Thank you heart

(This is a quick overview.  Proper build details will follow soon.)

I wanted to put something nice in the window to say “Thanks!” to all the health care and other essential service workers who are keeping people safe and helping life go on in these challenging times.  Sorry it’s starting so late.

Electronics

The heart is some 200 WS2812 individually addressable RGB LEDs mounted on a heart-shaped ring of 1/4″ foamboard.  They draw around 4A from a 5V supply.  An Arduino Pro Micro drives the LEDs thru the Adafruit Neopixel library.  Thanks, Adafruit!  I wrote the code telling it what to do in C/C++ using the Arduino development environment.

Appearance

There have been lots of changes in plan in the 2 weeks between starting and hanging it in the window.  One of the very visible ones is naked vs diffused LEDs.  What I envisioned from day one was a smooth, gentle glow.  I didn’t want the techie appearance of raw LEDs.  The tracing paper diffuser on the left half gives just the visual effect I wanted.

But both my wife and I responded to the brilliant LEDs on the unfinished side.  The phantom-of-the-opera-mask appearance was never planned, but it’s an interesting feature.  While the option of putting the diffuser on the right side remains, I’m guessing it won’t happen.

Behavior

In keeping with the ‘gentle glow’ spirit, the plan was to light the heart with just one color, changing slowly around the color wheel maybe once/day.  Fancier opportunities arose, and alternating days of full saturation and pastels was the plan for a while.

Early in the software development (meaning after it would actually light up), various animations from the Adafruit example code were included.  Other patterns suggested themselves, and although envisioned as static displays, I typically prototyped them as animations, often to help debug code trying to get the LEDs to behave in ways foreign to their linear addressing scheme.

But as we watched it cycle thru the animations still in the shop, I had to admit that it seemed a shame to deprive its audience – neighborhood walkers – of the entertainment of the dancing patterns.

So in a near-complete reversal of the original plan, V1.0 spends most of its time slowly but visibly changing color, with a spot of eye candy animation every 20-40 seconds.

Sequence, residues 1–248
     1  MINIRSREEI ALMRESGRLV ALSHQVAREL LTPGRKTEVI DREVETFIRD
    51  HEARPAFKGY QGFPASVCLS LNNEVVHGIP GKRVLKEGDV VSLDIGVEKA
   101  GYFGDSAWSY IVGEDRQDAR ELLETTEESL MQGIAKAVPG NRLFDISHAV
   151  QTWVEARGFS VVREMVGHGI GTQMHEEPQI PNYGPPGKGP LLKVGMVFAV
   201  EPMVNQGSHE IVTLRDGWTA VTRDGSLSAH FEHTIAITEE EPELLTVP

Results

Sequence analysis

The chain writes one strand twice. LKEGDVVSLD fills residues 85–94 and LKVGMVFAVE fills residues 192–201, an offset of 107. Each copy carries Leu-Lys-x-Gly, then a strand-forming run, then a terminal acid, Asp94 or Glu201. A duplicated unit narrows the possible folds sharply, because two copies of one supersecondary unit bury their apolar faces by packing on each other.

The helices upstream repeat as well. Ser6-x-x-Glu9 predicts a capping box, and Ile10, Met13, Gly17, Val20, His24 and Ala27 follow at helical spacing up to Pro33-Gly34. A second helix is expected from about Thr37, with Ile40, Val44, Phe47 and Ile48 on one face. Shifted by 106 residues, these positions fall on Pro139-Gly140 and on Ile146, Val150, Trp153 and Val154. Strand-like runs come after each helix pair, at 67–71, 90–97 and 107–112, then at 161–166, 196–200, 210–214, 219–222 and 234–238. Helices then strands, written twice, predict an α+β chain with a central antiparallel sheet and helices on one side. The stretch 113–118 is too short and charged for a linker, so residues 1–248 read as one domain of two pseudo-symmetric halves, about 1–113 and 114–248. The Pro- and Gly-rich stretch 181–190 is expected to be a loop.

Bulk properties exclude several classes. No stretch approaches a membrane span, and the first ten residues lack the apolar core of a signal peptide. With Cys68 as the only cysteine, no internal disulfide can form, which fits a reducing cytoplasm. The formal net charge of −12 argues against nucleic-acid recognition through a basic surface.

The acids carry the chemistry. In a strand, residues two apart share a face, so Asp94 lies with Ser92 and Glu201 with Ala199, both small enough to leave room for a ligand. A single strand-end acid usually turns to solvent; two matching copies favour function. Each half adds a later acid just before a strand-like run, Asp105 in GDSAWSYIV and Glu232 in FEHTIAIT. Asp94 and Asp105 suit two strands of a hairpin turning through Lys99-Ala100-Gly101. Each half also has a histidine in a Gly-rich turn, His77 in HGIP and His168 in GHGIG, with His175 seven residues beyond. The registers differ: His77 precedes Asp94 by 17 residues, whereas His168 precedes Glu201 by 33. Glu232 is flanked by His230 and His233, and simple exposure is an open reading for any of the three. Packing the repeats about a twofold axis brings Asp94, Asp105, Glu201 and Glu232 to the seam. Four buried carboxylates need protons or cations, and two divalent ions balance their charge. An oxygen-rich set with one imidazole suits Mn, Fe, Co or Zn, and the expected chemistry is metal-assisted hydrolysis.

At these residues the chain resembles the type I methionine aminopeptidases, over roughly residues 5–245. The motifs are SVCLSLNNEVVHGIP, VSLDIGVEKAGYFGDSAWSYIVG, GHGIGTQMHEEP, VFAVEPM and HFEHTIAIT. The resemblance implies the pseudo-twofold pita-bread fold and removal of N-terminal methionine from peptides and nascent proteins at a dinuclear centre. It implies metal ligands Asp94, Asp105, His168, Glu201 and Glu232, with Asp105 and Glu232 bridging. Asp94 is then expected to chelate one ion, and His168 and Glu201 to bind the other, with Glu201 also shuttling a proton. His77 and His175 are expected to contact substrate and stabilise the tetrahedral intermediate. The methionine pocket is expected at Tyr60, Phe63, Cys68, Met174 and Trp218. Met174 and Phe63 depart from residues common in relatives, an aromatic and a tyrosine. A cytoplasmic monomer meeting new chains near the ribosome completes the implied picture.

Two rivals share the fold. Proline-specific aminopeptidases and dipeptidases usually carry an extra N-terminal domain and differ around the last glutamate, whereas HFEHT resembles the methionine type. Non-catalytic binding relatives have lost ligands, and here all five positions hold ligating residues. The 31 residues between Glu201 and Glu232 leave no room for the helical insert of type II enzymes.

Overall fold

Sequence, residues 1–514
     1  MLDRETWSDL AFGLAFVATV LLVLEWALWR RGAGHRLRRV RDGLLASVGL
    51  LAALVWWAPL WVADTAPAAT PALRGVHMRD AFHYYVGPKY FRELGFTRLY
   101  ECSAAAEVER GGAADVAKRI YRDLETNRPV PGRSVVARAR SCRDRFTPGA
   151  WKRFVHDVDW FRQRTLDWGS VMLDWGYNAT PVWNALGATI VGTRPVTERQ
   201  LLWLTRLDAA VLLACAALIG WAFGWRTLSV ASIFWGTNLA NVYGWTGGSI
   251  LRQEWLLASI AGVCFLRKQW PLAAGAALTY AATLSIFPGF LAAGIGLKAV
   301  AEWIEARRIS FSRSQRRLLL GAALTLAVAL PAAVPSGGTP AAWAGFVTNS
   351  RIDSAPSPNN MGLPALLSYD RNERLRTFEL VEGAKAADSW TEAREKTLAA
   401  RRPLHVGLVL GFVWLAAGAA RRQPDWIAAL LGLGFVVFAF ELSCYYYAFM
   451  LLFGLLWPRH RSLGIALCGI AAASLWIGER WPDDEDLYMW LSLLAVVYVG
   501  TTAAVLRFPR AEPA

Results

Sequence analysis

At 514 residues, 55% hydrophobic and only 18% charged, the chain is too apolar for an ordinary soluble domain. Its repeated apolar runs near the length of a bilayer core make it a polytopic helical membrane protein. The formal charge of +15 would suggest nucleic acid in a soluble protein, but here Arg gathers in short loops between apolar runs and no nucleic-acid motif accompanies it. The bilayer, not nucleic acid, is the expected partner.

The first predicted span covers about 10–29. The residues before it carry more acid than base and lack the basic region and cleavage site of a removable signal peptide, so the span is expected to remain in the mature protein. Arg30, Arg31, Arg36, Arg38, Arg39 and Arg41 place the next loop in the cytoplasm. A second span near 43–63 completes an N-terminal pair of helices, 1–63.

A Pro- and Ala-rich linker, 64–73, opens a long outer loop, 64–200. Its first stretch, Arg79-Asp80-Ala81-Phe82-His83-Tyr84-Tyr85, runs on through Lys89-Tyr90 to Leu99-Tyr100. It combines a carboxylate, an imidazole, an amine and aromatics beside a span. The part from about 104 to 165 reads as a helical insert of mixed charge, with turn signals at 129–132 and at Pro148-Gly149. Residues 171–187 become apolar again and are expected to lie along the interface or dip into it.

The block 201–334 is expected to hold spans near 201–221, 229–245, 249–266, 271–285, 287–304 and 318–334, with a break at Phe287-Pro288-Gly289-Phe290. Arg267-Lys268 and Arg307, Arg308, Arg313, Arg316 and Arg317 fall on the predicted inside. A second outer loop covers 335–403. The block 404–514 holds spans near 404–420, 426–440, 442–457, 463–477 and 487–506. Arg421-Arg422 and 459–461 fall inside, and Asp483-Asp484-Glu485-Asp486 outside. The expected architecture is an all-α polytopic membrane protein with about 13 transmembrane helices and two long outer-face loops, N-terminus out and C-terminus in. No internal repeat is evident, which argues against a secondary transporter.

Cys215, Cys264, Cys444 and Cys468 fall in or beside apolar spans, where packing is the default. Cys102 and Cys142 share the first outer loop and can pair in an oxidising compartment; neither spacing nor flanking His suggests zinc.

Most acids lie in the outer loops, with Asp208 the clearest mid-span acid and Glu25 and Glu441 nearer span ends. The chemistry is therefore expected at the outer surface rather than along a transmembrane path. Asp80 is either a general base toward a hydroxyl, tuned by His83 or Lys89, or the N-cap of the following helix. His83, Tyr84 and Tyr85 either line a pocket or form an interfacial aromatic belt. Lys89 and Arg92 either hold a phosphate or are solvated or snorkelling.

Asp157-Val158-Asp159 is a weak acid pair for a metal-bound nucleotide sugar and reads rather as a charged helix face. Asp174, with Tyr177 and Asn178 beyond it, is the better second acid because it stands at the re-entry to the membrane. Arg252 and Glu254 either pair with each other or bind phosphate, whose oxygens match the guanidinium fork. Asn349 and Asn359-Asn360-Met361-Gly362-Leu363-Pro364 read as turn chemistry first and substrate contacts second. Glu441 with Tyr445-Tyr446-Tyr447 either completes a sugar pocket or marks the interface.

Making it

Frame

While I did have to order a new spool of LEDs, the rest of the parts, including the Arduino and power supply, were just on the shelf.  That meant that the main frame was cobbled together from 6 bits of scrap foamboard.  There were mechanical challenges piecing them together.

LEDs and reflector

The obvious thing to do was to just stick the adhesive-backed LED strip to the foamboard.  Unfortunately, while the strip is quite flexible in one direction, it’s quite inflexible in the direction needed to make it conform to the curves of the heart.

But if I laid the strip on its edge instead of its back, I could easily bend it to follow the heart shape.  I could just glue some little blocks to the foamboard to anchor the strip right where I wanted.  Great!

Well, except then the light coming from the LEDs is going the wrong direction.  If I put a mirror at 45° in front of every LED, I could bounce the light right back where I wanted it.  Some back of the envelope calculations to determine how big the reflector should be, and a plan emerged.

The initial attempt using aluminum foil was way too flimsy, and didn’t work well at all.  Fortunately, I had a big roll of very shiny adhesive foil tape, and lots of 110 lb cardstock.  Based on the dimensions that looked like they’d work, I made up a bunch of cardstock-and-foil-tape 45° reflector strip.

 

Lots of snips and tucks and glue and adjustments later, the LEDs were shining the right direction.  Here looking straight down on the foamboard, you can see just the edges of the actual LEDs (circled) and their reflections in the foil.  Not perfect, but most of the light is going the right way.

Diffuser

To get the “soft glow” I wanted – long before the half-and-half idea raised its interesting head – I found supporting a sheet of tracing paper over the (reflections of the) LEDs worked well.  A couple of design iterations later, I had a support approach that looked like it would work.